January 30, 2012,
Molly Kinder ‘01, who majored in political science and peace studies at the University of Notre Dame, will receive the 2012 Distinguished Alumni Award from the University’s Kroc Institute for International Peace Studies. Kinder, a native of Buffalo, New York, is director of special programs for Development Innovation Ventures in Washington, D.C., a new initiative at the United States Agency for International Development that funds groundbreaking approaches to global development challenges.
January 30, 2012,
Professor Michael Desch, chair of Notre Dame’s Department of Political Science, has been awarded a second grant from the Carnegie Corporation of New York to expand his research on how American scholars can contribute to the formation of U.S. national security policy.
January 26, 2012,
Even with the endorsements of three Latinos with strong name recognition in the Latino community, Republican presidential hopeful Mitt Romney could alienate a good portion of Latino voters in Florida with his hardline position on immigration, according to University of Notre Dame political scientist Ricardo Ramírez.
January 25, 2012,
The study of constitutions dates back to Aristotle, yet remains as relevant today as it was then. “It’s a perennial subject that I think is getting renewed attention, first with the fall of the Soviet Union and the constitution writing that went on with that, then the democratization movement in Latin America, and now the revolutions in the Arab world,” says Vincent Phillip Muñoz, Tocqueville Associate Professor of Religion and Public Life at the University of Notre Dame.
January 17, 2012,
Understanding the way the world works is important. But understanding the way you work is just as important, says Joshua Kaplan, director of undergraduate studies in Notre Dame’s Department of Political Science. And by majoring in political science, students come to know both.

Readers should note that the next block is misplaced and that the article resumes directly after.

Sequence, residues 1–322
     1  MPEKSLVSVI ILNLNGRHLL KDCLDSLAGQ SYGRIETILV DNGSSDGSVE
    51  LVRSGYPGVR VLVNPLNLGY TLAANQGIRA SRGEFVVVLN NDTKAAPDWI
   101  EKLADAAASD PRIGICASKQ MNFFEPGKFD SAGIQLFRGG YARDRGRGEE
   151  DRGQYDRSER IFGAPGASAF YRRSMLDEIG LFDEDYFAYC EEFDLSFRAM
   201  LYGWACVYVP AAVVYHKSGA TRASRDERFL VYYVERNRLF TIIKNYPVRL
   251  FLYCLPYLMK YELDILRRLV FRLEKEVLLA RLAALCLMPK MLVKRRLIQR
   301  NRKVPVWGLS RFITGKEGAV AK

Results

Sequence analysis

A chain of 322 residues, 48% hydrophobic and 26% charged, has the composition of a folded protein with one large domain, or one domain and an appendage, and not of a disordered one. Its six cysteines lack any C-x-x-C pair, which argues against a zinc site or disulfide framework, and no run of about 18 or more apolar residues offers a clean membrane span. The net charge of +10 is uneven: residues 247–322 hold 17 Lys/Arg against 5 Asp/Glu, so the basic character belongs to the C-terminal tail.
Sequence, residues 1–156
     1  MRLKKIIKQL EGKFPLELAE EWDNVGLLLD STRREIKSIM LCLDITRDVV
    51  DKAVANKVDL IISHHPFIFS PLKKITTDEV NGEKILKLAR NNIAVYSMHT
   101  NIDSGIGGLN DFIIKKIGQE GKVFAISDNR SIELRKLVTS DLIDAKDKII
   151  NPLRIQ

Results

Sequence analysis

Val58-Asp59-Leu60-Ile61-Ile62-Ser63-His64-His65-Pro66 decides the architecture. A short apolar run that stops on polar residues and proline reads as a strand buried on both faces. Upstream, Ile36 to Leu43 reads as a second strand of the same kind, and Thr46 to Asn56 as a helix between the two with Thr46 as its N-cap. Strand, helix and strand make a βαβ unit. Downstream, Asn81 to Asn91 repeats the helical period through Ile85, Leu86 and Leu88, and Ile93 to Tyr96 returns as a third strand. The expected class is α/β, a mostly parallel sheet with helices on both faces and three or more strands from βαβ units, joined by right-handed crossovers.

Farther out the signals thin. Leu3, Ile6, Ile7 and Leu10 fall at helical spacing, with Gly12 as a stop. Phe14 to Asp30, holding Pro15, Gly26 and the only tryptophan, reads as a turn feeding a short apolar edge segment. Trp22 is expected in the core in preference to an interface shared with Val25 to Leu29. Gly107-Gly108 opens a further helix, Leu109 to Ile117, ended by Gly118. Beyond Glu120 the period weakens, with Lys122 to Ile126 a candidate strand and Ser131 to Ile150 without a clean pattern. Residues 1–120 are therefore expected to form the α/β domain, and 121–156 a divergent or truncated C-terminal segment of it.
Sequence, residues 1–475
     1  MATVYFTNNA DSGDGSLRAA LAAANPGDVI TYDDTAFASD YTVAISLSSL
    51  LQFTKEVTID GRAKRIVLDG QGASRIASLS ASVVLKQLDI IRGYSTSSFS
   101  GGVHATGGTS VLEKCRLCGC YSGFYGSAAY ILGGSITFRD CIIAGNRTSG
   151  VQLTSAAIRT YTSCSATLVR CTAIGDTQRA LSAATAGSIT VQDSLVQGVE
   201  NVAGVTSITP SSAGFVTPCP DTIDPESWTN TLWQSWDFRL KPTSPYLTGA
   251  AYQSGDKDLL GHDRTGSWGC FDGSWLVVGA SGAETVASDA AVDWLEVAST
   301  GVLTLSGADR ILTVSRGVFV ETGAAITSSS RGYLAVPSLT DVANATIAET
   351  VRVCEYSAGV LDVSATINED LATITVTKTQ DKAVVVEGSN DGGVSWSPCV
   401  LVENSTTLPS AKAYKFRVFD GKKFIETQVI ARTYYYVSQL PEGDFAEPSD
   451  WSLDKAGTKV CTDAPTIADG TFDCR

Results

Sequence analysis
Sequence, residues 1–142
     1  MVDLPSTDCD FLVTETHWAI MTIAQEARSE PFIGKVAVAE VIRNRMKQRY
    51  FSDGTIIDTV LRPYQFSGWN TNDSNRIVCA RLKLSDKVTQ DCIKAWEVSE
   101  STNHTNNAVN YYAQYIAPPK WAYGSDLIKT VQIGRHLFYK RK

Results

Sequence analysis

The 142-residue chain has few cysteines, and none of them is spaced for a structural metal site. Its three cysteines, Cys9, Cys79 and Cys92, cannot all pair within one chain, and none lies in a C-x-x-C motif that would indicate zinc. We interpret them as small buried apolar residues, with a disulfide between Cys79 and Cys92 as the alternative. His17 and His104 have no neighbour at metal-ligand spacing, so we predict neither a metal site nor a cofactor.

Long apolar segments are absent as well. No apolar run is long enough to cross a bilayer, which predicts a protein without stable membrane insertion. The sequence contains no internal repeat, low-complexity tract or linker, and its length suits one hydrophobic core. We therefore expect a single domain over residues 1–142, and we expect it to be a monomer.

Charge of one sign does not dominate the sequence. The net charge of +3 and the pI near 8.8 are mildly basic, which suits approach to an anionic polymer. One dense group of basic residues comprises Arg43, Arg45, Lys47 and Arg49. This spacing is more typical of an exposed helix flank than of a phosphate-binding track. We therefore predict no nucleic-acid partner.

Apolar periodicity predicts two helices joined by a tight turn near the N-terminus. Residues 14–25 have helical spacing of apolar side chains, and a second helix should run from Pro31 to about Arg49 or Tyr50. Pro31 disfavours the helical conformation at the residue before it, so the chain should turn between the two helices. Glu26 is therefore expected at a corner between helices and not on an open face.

January 12, 2012,
There are as many Mormons in America as there are Jews, yet there has been far less research into the Mormon community. A new survey released today (Jan. 12) by the Pew Forum on Religion and Public Life called “Mormons in America: Certain in Their Beliefs, Uncertain of Their Place in Society” is a “huge leap forward for what we know about Mormons,” according to David Campbell, a University of Notre Dame political scientist who researches religion and politics, and who himself is a Mormon.
January 11, 2012,
On the morning of September 1, 2004, University of Notre Dame political scientist Debra Javeline found herself, like many people around the world, glued to the television, watching in horror as the Beslan school hostage crisis—widely known as “Russia’s 9/11”—unfolded. Dozens of militants from a Chechen separatist group had converged on a school in the Russian town of Beslan in North Ossetia. For three days, the terrorists held hostage more than 1,200 children, teachers, and parents.
January 06, 2012,
From Cairo to Kabul to New York City, the events shaping our world are informed by the deeply held religious beliefs of contemporary history’s major protagonists. So why is the dynamic role of religion in world affairs still such a hard academic sell in political science and international relations programs around the country? “I think if the field were to be proportioned according to what you see in headlines, religion would deserve a much larger place in the study of international relations,” says Daniel Philpott, who is associate professor of political science and peace studies at the University of Notre Dame and on the faculty of the Kroc Institute for Peace Studies.